A crowd gathered at Stonehenge on the morning of 21 June against the advice of site manager English Heritage. Many media outlets framed it as an ignorance of Covid-19 guidelines. But those on the ground saw it not only as a right to the sacred location, but the latest act of defiance against the Police, Crime, Sentencing and Courts Bill (PCSCB).
Trespassing onto the sacred
After jumping a fence and avoiding security, an estimated 100 people gathered inside the stone circle on Summer solstice morning. As a result, English Heritage stopped its live feed of the sunrise. However, as highlighted by BBC News, the organisation didn’t explain why the crowd meant it had to pull the livestream.
English Heritage previously cancelled its official event, citing concerns over the number of attendees. Therefore many media outlets including BBC News framed the solstice gathering as people ignoring Covid-19 guidelines. But those involved saw it differently. One person inside the circle told Phoenix Media Co-op:
There were lines of security yesterday, through the night and this morning, stopping people from trespassing onto Stonehenge. Just before sunrise this morning about 100 people climbed over the fence and ran past the security lines to rightfully celebrate sunrise at solstice in the middle of the stone cricle.
It is particularly relevant now because of the policing bill that’s coming that will criminalise trespass. So people were shouting “resist anti-trespass” and “kill the bill” in addition to it being a sacred moment.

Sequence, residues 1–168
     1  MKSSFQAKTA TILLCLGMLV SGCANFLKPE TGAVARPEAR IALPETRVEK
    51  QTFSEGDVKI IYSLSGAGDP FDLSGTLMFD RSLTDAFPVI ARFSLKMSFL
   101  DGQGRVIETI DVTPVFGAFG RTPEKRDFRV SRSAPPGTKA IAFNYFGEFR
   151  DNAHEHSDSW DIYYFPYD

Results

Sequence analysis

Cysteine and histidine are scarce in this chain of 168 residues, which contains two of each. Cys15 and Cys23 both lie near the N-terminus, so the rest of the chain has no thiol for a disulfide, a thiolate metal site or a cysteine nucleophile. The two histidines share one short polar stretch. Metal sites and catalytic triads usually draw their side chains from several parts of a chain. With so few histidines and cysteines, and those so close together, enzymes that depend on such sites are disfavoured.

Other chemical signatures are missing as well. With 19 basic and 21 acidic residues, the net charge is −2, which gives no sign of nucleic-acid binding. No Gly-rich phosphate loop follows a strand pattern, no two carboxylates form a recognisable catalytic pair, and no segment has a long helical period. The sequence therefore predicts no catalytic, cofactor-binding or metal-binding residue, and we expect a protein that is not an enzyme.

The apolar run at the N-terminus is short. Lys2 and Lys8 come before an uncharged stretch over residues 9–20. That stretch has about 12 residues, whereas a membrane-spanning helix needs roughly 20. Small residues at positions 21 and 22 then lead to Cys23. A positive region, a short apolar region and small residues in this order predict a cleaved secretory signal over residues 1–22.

Meanwhile, Hugh Newman (who runs a website dedicated to ancient stones) said in a Facebook post:
Druids carried out a ceremony outside the fence, whilst some pagans and revellers jumped over it, to peacefully celebrate within the stones. It seems you can’t take away the stones from the people, and the security guys seemed to agree when we spoke to them.
In recent years, proposals to build a tunnel for traffic beneath Stonehenge have made it a contested site. Authorities first made the plans public in December 2014. The next stage of development will see power cables laid down to supply the future roadway, closing the existing A303 for three months from September.
The tunnel is opposed by a wide range of NGOs, autonomous groups and individuals. And there is a Stonehenge Heritage Action Camp set up to prepare for resisting the new road. Some of those from the camp were present at the solstice gathering.
All images used with permission.